• 21. Supreme Court - RAYTHEONCO. v. HERNANDEZ• Joel Hernandez worked for Hughes Missile Systems for 25 years when he was forced to resign after testing positive for cocaine.• Hernandez applied to be rehired after 3 years as a recovering drug addict, but was rejected.• Hernandez filed charges with the EEOC claiming he was discriminated against in violation of the ADA.• Company’s perspective: Company policy of not rehiring employees terminated for violating code of conduct.• Hernandez argued back against the policy, but not in a timely manner.• Disparate impact versus disparate treatment• US Supreme Court ruling: ADA was not violated
    • 22. Post-ADA Amendment Cases• Verizon to Pay $20 Million to Settle Nationwide EEOC Disability Suit(2011)*• EEOC v. Argo Distribution LLC, (5th Cir. Jan. 15, 2009)*• Johnson v. Board of Trustees of Boundary County School District No. 101, et al(2010)*• Hoffman v. Carefirst of Fort Wayne, Inc. (2009)*• EEOC v. Sears, Roebuck & Co. (2009)*• U.S. v. County of Ventura(2010)*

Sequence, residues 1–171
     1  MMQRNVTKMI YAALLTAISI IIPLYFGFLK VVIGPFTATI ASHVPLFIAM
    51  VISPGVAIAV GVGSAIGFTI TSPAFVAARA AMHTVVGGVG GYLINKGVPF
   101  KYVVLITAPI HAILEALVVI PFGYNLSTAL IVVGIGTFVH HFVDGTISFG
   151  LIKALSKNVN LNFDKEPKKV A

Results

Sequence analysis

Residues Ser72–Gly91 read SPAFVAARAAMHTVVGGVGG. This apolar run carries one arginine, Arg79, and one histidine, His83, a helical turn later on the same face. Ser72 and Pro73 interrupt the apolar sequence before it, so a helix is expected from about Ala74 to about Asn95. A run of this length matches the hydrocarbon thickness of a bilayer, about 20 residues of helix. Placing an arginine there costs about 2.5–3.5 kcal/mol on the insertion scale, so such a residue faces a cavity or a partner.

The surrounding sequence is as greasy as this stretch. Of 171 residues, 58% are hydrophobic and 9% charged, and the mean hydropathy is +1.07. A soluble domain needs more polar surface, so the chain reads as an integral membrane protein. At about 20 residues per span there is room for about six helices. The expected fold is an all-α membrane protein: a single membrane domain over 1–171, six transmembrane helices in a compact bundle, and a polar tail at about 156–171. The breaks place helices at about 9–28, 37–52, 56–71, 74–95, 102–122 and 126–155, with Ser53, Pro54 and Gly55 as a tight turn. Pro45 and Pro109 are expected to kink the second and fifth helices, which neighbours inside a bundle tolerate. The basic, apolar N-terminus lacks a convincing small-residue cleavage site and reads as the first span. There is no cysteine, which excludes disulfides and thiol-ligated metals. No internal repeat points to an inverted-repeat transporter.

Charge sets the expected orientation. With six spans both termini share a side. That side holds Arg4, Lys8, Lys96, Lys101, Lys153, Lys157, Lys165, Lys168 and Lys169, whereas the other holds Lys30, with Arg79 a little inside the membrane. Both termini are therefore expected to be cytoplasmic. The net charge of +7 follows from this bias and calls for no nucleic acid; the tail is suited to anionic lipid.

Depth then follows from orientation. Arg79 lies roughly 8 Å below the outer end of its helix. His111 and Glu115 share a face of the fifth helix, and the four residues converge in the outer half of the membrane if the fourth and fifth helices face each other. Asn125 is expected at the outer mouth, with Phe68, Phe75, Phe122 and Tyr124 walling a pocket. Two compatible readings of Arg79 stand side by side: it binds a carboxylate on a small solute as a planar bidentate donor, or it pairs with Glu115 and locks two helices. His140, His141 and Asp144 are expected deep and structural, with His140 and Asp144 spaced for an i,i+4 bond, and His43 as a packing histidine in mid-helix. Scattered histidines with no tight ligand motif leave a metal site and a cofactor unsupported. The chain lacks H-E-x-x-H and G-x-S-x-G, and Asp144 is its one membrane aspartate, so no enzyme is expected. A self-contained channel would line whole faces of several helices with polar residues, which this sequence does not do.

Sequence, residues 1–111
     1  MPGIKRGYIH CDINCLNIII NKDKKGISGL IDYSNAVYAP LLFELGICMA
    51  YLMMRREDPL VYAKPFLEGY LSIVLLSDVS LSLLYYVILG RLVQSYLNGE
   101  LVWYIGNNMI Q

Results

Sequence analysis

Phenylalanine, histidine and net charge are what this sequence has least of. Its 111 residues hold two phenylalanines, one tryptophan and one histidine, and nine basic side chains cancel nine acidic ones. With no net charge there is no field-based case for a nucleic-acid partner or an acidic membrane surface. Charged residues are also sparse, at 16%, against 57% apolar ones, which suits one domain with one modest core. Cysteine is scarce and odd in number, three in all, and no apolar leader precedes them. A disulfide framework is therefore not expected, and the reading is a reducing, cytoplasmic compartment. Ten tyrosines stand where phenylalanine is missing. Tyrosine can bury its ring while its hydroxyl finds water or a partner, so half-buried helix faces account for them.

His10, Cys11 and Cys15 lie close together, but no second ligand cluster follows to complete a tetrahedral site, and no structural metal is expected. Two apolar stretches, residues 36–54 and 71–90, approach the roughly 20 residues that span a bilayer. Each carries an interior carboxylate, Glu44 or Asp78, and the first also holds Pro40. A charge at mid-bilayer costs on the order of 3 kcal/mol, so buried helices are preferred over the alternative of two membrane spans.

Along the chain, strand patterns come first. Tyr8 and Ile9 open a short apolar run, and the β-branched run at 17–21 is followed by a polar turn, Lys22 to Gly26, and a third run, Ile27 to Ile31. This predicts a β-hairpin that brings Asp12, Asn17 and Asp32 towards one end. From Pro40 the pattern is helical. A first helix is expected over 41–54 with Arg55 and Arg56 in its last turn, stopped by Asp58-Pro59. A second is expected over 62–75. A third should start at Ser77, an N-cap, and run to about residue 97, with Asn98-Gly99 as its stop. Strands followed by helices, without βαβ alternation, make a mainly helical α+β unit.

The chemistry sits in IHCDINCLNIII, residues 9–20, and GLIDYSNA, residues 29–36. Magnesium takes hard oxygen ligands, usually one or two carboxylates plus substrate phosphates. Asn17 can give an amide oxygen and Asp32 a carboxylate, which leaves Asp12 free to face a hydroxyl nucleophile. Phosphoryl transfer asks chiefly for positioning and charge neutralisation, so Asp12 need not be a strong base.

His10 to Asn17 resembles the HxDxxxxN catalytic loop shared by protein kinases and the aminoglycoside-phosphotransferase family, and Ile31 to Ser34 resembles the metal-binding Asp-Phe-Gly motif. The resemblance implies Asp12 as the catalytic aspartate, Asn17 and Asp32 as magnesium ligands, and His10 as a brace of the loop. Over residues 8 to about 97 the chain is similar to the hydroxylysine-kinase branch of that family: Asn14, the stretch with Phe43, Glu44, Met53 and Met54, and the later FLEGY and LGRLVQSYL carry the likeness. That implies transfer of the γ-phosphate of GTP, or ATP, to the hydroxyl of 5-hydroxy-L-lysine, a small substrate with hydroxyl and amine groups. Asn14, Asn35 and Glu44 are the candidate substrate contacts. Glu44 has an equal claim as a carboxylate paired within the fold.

• 23. Hoffman v. Carefirst of FortWayne, Inc. (2009)• Stephen Hoffman worked as a service technician in 2007. His original hours were 9am-5pm on weekdays.• Hoffman was diagnosed with Stage III cancer and received treatment. Upon his return in Jan. 2009, he was told about a new contract that would require him to work up to 70 hours a week.• Hoffman asked to work from a home office but was denied that accommodation, leading him to “voluntarily” quit the job.• Is Hoffman disabled under the ADAAA? • “an impairment that is episodic or in remission is a disability if it would substantially limit a major life activity when active” renders his cancer in remission a disability.• Employer did not show that the requested accommodation (working from home office) created an undue burden on the organization.